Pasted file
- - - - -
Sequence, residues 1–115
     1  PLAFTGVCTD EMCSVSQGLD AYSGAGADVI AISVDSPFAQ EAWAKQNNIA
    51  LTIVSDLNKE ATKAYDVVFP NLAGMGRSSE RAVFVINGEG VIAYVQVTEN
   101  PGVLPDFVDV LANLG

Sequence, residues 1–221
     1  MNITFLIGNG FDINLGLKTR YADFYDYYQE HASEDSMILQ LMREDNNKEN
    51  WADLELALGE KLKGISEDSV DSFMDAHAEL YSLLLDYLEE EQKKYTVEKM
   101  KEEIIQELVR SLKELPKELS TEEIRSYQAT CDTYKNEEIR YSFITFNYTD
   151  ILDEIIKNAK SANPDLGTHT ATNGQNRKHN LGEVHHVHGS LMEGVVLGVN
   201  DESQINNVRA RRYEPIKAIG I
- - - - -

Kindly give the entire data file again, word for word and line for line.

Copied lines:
Sequence, residues 1–115
     1  PLAFTGVCTD EMCSVSQGLD AYSGAGADVI AISVDSPFAQ EAWAKQNNIA
    51  LTIVSDLNKE ATKAYDVVFP NLAGMGRSSE RAVFVINGEG VIAYVQVTEN
   101  PGVLPDFVDV LANLG

Sequence, residues 1–221
     1  MNITFLIGNG FDINLGLKTR YADFYDYYQE HASEDSMILQ LMREDNNKEN
    51  WADLELALGE KLKGISEDSV DSFMDAHAEL YSLLLDYLEE EQKKYTVEKM
   101  KEEIIQELVR SLKELPKELS TEEIRSYQAT CDTYKNEEIR YSFITFNYTD
   151  ILDEIIKNAK SANPDLGTHT ATNGQNRKHN LGEVHHVHGS LMEGVVLGVN
   201  DESQINNVRA RRYEPIKAIG I